Pigs that fly, steers that sell themselves, a course for horses – all made from cards.

Sometimes good design can act as a trigger that unleashes a flood of creativity. This is what happened when Enbridge Inc. came to Sasges Inc. as the national sponsor of 4-H Canada’s 100th anniversary celebrations last year. They asked us to develop a commemorative gift that would be distributed to all of 4-H members, and to create an online campaign to promote engagement across the country.

Since Canada’s longest-running youth club promotes growth and exploration through practical projects – “learn to do by doing” is its motto – we knew the solution had to be something hands-on, promoting group solutions at the various 4-H chapters.

One of the main challenges was the range of kids we had to target. At 4-H they go from eight to 21,” says Morgan Curley our lead designer on the project team. “So we had to get into their headspace and come up something meaningful for the whole group. We knew it had to be lo-fi, that people could come together and build. That’s what 4-H is all about.”

A great solution was in the cards. We decided to create a deck of 50 playing cards, which would provide a hundred different surfaces to tell 4-H’s story. The cards, produced in two languages, would also be notched so 4-H members could fit them together to build their own visions of where the organization would go in its next 100 years.

To get sharp bites of information for the cards, writer Jacquie Moore, searched through 4-H’s archives and watched a number of its old VHS tapes. While she discovered some good content but we were still short of facts for the cards. So we designed a web landing page that allowed past and present 4-H members and leaders to share their favourite stories about the organization. A flood of heartfelt responses came.

Members gave us heartwarming stories about how 4-H improved their lives,” says Morgan. “We could have never dug these up from the archives. But it was easy to ask their opinion. They are really strong, involved kids and adults who wanted to share.”

“Sasges Inc. really stepped up to the plate,” adds Enbridge’s Coordinator, Public Affairs Teisha Kaiser. “They provided this really great idea and created the cards for us. Working with 4-H, they did all of the fact gathering and design. It was a huge project but they did a fantastic job of pulling it all together.”

Our team marshalled the facts, worked with a photographer and illustrator to create images for 40 of the surfaces and then created the rest of the designs ourselves using a combination of found objects and typography. Then we oversaw the complex production job at Blanchette Press, who used four-colour process and combined it with metallic and fluorescent inks overprinting. It was all finished with custom die-cutting using a die manufactured specially for the millwork notches.

After creating packages for the cards – as well as the commemorative booklet and a pin provided 4-H to accompany them – we mailed them out to all 35,000 4-H Canada members. We also worked with audiovisual production house DDG to create a video inviting the youth to build their own tributes to 4-H’s future with the cards, documenting the results in pictures and videos that would be uploaded to the organization’s Facebook page.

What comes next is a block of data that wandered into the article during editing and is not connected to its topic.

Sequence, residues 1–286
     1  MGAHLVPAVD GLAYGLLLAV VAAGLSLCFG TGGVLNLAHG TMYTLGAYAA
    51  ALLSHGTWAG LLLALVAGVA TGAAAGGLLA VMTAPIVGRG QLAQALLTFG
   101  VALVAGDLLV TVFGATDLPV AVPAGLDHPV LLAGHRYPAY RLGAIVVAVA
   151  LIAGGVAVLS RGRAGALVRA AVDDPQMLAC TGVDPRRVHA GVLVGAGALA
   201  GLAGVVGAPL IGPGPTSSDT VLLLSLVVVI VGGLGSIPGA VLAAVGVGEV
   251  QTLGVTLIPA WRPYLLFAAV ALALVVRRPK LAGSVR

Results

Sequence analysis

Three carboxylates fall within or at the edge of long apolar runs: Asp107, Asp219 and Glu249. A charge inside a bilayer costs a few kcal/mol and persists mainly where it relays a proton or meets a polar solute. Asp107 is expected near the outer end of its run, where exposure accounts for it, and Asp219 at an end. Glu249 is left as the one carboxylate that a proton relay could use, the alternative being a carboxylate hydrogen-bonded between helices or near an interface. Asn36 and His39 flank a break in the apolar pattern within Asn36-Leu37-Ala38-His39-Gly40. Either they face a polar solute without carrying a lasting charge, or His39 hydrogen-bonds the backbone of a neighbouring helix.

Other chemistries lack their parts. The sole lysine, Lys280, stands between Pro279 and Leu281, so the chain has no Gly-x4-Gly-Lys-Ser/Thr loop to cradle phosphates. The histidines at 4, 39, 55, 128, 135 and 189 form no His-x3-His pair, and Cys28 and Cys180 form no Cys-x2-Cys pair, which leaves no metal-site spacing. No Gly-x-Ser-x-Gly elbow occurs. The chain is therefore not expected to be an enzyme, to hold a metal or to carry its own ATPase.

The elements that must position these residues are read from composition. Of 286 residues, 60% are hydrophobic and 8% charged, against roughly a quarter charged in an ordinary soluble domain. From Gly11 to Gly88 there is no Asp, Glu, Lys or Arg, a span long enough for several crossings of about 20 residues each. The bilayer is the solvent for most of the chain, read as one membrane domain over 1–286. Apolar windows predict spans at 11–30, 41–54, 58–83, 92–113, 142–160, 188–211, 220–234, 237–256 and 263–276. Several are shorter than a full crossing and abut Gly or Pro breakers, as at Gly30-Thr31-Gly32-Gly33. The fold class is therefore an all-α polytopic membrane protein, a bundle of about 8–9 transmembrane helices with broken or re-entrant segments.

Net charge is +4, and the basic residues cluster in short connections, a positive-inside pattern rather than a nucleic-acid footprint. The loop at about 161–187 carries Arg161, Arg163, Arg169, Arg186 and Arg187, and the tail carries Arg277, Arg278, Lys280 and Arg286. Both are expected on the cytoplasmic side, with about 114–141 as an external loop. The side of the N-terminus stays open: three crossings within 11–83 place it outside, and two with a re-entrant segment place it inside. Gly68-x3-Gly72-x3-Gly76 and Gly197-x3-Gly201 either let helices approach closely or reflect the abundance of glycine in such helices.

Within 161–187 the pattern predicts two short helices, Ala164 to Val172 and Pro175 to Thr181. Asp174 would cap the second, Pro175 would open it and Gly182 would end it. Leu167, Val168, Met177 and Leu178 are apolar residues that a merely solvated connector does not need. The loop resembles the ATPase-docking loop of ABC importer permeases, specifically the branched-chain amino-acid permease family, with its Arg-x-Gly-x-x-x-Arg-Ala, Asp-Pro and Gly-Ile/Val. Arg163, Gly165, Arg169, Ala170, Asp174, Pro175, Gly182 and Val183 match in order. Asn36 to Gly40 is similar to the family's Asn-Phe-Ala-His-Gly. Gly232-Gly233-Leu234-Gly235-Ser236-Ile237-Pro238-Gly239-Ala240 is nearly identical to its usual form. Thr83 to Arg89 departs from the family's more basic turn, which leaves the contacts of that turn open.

I really felt that the Sasges team went above and beyond the call of duty in supporting me through the contest and execution,” says Kaiser. “I was using a back-end application for the Facebook contest that I wasn’t familiar with, Sasges helped us out, ironing out the technical details so everything ran smoothly.”

“The project moved very comfortably between print and web and video and social media,” says Rita Sasges. “We believe that the medium doesn’t matter. It’s the message that counts. A great idea will dictate its channels of execution.”
The many responses on Facebook demonstrated a remarkable range of creativity, with kids sometimes going beyond just notching the cards together and ripping them apart and using the deconstructed parts – with glue guns and ingenuity – to create their 4-H homages.
They ran the whole gamut,” recalls Kaiser, “from imaginary ladders to hot-air balloons. A common theme was the merger of city life ad rural life, and how 4-H can create a better more sustainable planet.”

Both the Sasges team and the Enbridge and 4H judges evaluating the submissions really enjoyed the entrants’ sometimes off-the-wall ingenuity. The Cercle des Jeunes Ruraux de Compton-Waterville chapter in Quebec, for example, won second prize and $2,500, for its “impossible,” flying pig that demonstrates that anything is possible in the future with the right 4-H commitment and ingenuity.

First place, and $5,000, went to Ontario’s South Bruce 4-H Beef Club, who created a life-sized steer from cards. Their “Bruce Takes Toronto” video documents how they displayed Bruce at the Royal Winter Agricultural Fair, where he was admired by thousands of visitors. The members demonstrated typical 4-H pluck and commitment to good causes by auctioning off their Grade A beef steer for $550 and donating the proceeds to charity.

We can’t help but agree with the video’s closing lines: “The future of 4-H is in us, the members. And we think it is in pretty good hands.”

Of course, the 4-H commemorative event itself was in good hands. Enbridge’s sponsorship and support enabled everything to happen in fine style. And a lot of other hands were involved in making the project a success, including: writer Jacquie Moore, illustrator Lauren Tamaki, photographer Howard Bjornson, printer Blanchette Press, video producers Deluxe Design Group (DDG) and web developers Sajak & Farki. Thank you all for your own 4-Hs: hard work, heroic effort, handy professionalism and helpful dispositions.